Glass Movie Review - High-minded but lacks lucidity and cohesion

Published: Jan 18, 2019, 17:07 IST | Johnson Thomas

James McAvoy is simply the best thing about this movie. His enthusiasm and effort in playing out multiple personalities is extraordinary

Glass Movie Review - High-minded but lacks lucidity and cohesion

Glass

U/A: Drama, Mystery, Sci-Fi
Director: M. Night Shyamalan
Cast: Sarah Paulson, Bruce Willis, James McAvoy
Rating: Ratings

Shyamalan’s earliest films (The Sixth Sense, Unbreakable, Signs) were brilliant, they intrigued, shocked and entertained all at the same time. The same cannot be said about the films that came later. The big budget ones especially were all jumbled up and schlocky. It felt as though the director never really achieved his vision. ‘Glass’ is a far better effort in terms of visual context but it fails on cohesion and lucidity – especially in the third act dominated by Shyamalan’s signature twists.

Glass, a sort of sequel to both Unbreakable and Split, spends its two hours plus without a strong story to tell. It is every bit as inconceivable and snaky a film as his worst but it still has a psychological depth that could have amounted to much more - if only the director had been a little more focussed. There’s so much he is wanting to say that it all gets lost in the confusion and incoherence brought on by a lack of emphasis.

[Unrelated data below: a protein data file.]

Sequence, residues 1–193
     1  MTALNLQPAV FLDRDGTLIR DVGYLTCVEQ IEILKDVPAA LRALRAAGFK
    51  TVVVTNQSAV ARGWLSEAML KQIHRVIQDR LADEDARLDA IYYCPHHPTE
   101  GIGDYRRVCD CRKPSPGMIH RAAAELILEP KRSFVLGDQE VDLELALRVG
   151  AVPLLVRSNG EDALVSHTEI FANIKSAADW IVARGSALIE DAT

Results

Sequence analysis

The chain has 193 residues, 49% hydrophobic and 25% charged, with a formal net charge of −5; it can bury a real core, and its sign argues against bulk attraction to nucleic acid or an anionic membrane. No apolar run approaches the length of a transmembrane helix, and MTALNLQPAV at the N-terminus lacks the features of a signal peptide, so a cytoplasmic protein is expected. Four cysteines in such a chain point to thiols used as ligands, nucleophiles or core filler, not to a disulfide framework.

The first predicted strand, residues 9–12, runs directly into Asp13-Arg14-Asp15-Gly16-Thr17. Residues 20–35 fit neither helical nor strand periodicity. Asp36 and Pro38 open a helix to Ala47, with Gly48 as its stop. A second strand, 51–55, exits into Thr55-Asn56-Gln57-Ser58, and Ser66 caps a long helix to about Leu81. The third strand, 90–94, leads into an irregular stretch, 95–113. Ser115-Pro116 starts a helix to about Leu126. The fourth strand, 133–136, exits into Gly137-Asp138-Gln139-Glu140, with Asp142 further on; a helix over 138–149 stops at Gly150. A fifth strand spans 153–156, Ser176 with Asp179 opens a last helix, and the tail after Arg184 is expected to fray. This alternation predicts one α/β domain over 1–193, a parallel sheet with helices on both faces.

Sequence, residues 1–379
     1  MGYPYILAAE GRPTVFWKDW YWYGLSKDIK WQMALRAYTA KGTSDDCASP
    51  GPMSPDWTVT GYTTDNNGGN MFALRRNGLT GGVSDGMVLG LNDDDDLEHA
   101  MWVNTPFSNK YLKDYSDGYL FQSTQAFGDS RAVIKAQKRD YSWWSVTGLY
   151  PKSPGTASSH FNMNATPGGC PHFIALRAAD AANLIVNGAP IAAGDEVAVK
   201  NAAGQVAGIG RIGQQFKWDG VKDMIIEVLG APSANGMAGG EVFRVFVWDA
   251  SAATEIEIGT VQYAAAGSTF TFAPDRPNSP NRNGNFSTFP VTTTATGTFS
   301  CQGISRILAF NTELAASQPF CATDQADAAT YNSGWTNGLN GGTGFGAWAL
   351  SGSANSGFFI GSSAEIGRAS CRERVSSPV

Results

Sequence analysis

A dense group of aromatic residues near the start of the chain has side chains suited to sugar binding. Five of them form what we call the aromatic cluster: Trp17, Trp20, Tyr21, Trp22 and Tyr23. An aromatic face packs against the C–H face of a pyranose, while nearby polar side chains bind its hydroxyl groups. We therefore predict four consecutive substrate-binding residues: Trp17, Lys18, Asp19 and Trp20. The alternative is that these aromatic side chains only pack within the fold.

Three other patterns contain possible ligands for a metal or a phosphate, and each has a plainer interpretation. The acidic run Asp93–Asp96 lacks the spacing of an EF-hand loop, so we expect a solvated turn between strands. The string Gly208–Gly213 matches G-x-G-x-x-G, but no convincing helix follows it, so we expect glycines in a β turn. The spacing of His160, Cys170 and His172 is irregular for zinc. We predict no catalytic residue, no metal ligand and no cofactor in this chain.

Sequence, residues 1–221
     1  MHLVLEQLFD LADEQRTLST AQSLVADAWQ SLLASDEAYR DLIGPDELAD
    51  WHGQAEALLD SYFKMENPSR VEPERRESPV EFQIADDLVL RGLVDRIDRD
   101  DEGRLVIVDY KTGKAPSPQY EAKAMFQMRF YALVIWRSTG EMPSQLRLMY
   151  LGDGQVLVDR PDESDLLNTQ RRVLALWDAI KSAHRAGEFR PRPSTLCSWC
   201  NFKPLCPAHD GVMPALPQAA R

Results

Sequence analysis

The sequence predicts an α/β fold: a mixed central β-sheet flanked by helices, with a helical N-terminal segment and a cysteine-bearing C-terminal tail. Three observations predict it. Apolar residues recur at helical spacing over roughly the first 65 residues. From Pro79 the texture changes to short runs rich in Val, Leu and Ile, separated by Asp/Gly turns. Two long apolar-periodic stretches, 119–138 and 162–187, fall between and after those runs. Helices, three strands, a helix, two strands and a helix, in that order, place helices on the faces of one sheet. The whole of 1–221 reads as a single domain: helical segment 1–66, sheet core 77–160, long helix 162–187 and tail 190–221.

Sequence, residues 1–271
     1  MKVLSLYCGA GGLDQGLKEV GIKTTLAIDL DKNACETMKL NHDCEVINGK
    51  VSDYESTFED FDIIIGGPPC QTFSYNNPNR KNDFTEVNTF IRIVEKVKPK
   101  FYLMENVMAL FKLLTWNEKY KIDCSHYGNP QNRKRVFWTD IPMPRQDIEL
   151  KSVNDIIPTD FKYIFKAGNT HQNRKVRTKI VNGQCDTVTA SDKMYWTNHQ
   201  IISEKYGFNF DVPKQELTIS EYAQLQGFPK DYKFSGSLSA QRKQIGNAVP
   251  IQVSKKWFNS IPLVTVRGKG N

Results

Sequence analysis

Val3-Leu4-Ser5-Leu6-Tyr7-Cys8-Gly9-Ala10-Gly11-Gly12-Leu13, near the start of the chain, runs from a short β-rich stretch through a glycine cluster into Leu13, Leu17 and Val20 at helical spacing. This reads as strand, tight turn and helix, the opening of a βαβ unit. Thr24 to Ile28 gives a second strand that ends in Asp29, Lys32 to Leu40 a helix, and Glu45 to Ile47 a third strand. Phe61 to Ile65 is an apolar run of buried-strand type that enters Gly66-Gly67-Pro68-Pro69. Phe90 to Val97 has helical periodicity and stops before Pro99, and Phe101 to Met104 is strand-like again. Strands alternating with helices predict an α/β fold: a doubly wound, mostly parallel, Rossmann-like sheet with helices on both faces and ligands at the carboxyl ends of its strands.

Glass opens with Dunn(Willis) tracking down Split's villain, Kevin Wendell Crumb aka 'The Horde' (James McAvoy), a serial killer suffering from multiple personality disorder who has been preying on girls in the Philadelphia area. After some visceral action Dunn and Crumb are captured and taken to a secret wing of a psychiatric hospital also housing Mister Glass(Jackson) – to be studied by Dr. Ellie Staple (Sarah Paulson), a psychiatrist obsessed with decoding the phenomenon of men who believe themselves to possess the powers of comic book characters.

Check out the trailer here:

This is an indie film (in partnership with Blumhouse)with no big studio backing it so there are budget constraints which Shyamalan could have overcome by running a tighter ship. Shyamalan manages to get close to poignant and memorable but the third act(rather threadbare) pulls you off that track all the way through. The twists don’t make much sense and in fact renders the entire work rather directionless.

The build-up is pretty good even though the action is all visual, internalised and verbose but the third and final act fails to make something out of that. The director and DP Michael Gioulakis manage to compose some fascinating and striking visual mayhem but it doesn’t amount to anything powerful. If you followed ‘Unbreakable’ and ‘Split’ then there is a chance that you might cotton on to Shyamalan’s wavelength but for a large part of the audience this is going to be a film without a strong sense of purpose.

James McAvoy is simply the best thing about this movie. His enthusiasm and effort in playing out multiple personalities is extraordinary. Jackson wakes up from his stupor a little late and loses out on creating an impact while Willis looks on strategically- the thing he does best I guess. This is at best a baffling and inconsistent exercise in cinema!

Also Read: James McAvoy on Glass co-star Bruce Willis: He is most chilled dude

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